Four years ago, we said the car’s sporting brio was so effortless that it almost qualified as uncanny.
It is possible now to be even less equivocal: with the optional PASM system (£971) and mechanical locking rear diff (£890) fitted, the Boxster combines transparent sporting pedigree with the kind of wonderfully tied-down comfort levels that make the model not only endlessly absorbing but also inexhaustibly good company. Fundamentally, of course, the temperament has not changed.
The Boxster still makes a palpable virtue of its mid-engine balance, still changes direction very sweetly and still provides a volume manufacturer benchmark for how a two-seat sports car ought to feel once you’ve removed the roof.
The chief differences between the 718 and its predecessor are the breadth and depth of its adaptive ride quality and the prescribed sharpening of its chassis.
Polishing both seems counter-intuitive, but Porsche’s engineers have done their job at the margins with typical effectiveness.
In the PASM’s most forgiving mode, the Boxster makes short work of even the most ramshackle UK road. The stated loss of 10mm of spring travel barely seems credible when the wheel control (even with 20in Carrera S wheels shoehorned under every corner) is so consistently supple.
So adroit is the suspension’s tuning that – as before – there’s no immediate need to abandon the default setting when pushing on.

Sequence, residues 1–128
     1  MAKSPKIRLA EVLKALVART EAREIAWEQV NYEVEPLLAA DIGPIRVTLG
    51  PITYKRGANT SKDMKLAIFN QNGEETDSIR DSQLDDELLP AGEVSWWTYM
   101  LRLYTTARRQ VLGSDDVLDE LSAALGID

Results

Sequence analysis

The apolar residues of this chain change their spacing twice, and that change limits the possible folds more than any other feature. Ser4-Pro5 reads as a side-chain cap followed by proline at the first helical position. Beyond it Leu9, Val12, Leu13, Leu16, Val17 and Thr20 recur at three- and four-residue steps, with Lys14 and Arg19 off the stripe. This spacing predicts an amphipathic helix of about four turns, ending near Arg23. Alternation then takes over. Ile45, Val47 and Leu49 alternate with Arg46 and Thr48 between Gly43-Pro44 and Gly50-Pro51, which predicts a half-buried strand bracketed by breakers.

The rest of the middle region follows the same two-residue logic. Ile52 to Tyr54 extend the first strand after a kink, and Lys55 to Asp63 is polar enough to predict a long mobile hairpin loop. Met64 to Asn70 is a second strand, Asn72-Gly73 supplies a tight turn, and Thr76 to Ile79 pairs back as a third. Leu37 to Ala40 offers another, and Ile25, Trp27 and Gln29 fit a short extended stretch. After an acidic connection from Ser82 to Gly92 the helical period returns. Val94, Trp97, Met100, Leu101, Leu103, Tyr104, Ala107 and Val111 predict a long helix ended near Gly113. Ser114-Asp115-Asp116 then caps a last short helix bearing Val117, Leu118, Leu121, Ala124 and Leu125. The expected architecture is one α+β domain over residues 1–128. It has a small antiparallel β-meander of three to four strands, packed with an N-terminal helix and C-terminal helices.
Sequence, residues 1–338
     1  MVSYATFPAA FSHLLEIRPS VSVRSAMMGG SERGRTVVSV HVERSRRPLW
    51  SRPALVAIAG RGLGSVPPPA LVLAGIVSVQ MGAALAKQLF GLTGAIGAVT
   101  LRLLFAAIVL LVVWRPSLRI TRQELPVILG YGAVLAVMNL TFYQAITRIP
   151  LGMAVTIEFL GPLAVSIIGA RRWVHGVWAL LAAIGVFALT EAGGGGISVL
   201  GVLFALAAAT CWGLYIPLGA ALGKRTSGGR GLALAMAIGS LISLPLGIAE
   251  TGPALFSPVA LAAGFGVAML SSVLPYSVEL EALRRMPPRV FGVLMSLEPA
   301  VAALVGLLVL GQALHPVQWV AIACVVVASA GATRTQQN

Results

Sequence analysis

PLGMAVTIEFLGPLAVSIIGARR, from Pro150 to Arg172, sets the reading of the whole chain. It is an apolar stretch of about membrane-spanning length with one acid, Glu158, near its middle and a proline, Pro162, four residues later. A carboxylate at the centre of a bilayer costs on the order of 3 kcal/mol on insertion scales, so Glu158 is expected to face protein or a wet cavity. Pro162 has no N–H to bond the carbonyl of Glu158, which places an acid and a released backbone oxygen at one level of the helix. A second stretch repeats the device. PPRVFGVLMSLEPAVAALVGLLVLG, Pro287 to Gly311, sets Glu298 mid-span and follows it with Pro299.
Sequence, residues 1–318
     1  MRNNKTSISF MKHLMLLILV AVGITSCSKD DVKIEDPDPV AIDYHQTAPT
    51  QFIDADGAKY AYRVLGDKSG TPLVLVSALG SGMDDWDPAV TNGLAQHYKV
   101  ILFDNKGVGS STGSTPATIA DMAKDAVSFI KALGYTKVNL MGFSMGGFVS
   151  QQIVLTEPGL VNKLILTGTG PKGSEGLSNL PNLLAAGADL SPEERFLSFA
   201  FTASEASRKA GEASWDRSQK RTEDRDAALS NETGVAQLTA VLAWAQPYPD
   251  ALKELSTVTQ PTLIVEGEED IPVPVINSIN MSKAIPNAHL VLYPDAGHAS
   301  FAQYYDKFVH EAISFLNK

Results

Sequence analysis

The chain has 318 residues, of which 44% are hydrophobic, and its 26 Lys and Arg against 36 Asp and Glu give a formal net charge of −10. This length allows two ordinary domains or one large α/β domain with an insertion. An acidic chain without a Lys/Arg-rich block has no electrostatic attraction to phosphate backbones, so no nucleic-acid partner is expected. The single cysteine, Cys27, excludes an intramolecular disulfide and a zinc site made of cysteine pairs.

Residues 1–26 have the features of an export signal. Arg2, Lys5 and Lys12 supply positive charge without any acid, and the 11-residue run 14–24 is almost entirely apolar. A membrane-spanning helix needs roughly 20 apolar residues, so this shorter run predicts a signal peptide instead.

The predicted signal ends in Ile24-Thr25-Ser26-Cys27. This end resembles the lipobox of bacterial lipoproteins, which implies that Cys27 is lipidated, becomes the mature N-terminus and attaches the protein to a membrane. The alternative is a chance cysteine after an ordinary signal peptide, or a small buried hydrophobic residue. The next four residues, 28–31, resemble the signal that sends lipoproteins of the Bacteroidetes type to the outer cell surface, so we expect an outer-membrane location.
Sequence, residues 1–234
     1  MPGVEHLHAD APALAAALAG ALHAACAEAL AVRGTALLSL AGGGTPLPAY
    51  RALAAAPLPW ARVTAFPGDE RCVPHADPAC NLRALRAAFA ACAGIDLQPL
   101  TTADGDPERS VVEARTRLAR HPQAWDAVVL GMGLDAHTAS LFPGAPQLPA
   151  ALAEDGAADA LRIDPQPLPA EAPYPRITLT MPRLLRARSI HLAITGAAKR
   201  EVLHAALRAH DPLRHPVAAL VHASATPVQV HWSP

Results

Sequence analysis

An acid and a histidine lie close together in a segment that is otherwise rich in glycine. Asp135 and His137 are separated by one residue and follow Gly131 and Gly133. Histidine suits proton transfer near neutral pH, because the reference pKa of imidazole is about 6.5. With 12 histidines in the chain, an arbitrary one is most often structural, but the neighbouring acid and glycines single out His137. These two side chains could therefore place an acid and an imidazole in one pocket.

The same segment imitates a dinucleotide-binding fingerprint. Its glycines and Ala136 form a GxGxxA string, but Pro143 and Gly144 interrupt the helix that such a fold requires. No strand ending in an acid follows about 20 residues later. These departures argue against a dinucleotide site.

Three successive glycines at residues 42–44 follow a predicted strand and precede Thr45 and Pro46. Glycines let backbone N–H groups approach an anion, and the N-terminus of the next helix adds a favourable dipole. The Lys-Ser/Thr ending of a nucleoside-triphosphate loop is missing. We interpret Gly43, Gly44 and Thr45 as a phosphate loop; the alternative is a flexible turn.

Instead, the Boxster’s stiffened chassis lets you lean ever more enthusiastically into it, delivering apparently endless grip and poise even as it continues to benevolently tidy up the road surface.
The modestly quicker (and exceptionally good) electric steering plays its part, but we’d wager that Porsche’s upgrading of the PASM’s vertical sensors is at least as important in this respect. As a generator of composure, and the playful confidence that comes with it, the Boxster remains unparalleled and a handy nose ahead of the previous model.
The 718 Boxster’s trustworthiness and mid-engined poise transfer well to circuit driving. The car’s ability to deploy its performance has only been magnified by the engineers’ efforts to firm up the fundamentals.
The concept of it being yet more rigid at the back and shod in wider rubber is not difficult to grasp on a dry track.
So elemental is the traction that it would take an extraordinarily keen driver to make the traction control light flutter on a public road.
Its performance on its Pirelli P Zero tyres was redolent of the Cayman GT4, another car acutely reluctant to become unstuck yet savagely and brilliantly driveable with it.
The 718 reduces that savagery but deserves some of the same praise. Its sharper steering has introduced no ill-effect snappiness, much as the broader lateral grip has yielded none of the intransigence we tend to associate with very high adhesiveness.
Instead, the car provides the kind of sensory platform that encourages extraordinary speed to be carried.